The first text for the convention was adopted in 1978 but did not become effective until 1984. The STCW was therefore a response to moves to establish universal minimum training, certification and watchkeeping standards for masters and officers which up to that point were the sole province of flag states. The lack of common standards prior to the STCW meant that there were wide variations in the training of seafarers and to a point that is still true today.

Compared to the latest version of STCW, the 1978 text was much slimmer and was contained in six chapters covering General provisions, Master and deck department, Engine department, Radio department, Special requirements for tankers and Survival craft proficiency. The six main chapters established basic principles covering keeping watches in the various departments alongside mandatory minimum requirements for certificating officers and crew.

With regard to the requirements for the radio department, as well as the certification requirements, ITU Radio Regulations and safety radio watchkeeping and maintenance provisions were included as these were also contained in SOLAS.

The singling out of tankers in particular was a response to several incidents involving such vessels and to introduce an aspect of pollution prevention. The regulation on tankers was designed to ensure that officers and ratings who had specific duties related to the cargo and cargo equipment of tankers should have completed an appropriate shore-based fire-fighting course; and have completed either an appropriate period of shipboard service or an approved familiarisation course. Requirements were more stringent for masters and senior officers. The chapter contains three regulations dealing with oil tankers, chemical tankers and liquefied gas tankers, respectively.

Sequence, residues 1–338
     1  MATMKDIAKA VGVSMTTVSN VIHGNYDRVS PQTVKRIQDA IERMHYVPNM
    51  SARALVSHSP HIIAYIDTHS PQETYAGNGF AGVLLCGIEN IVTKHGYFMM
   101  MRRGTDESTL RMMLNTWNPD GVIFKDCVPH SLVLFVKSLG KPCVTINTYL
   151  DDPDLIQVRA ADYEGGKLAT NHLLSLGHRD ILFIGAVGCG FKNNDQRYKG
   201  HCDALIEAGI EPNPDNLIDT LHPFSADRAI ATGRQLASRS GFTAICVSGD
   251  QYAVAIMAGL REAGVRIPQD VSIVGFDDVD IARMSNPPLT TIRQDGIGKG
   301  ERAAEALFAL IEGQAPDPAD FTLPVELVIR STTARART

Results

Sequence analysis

The inclusion of requirements for proficiency in survival craft in a separate chapter was in recognition of the importance of such equipment – the lack of lifeboats on the Titanic was a major factor behind the development of SOLAS. The requirements and regulation have been added to over the years and ironically are still the matter of much debate at the IMO and in the industry generally due to the number of accidents involving training with survival craft onboard.

In addition to the regulatory text, more than 20 recommendatory resolutions were also adopted at the 1978 Conference. As usual with IMO conventions and codes, more detail can be found in the resolutions than in the regulations themselves.

  • Resolution 1 – Basic principles to be observed in keeping a navigational watch. An annex contains a recommendation on operational guidance for officers in charge of a navigational watch.
  • Resolution 2 – Operational guidance for engineer officers in charge of an engineering watch. An annex to the resolution deals with engineering watch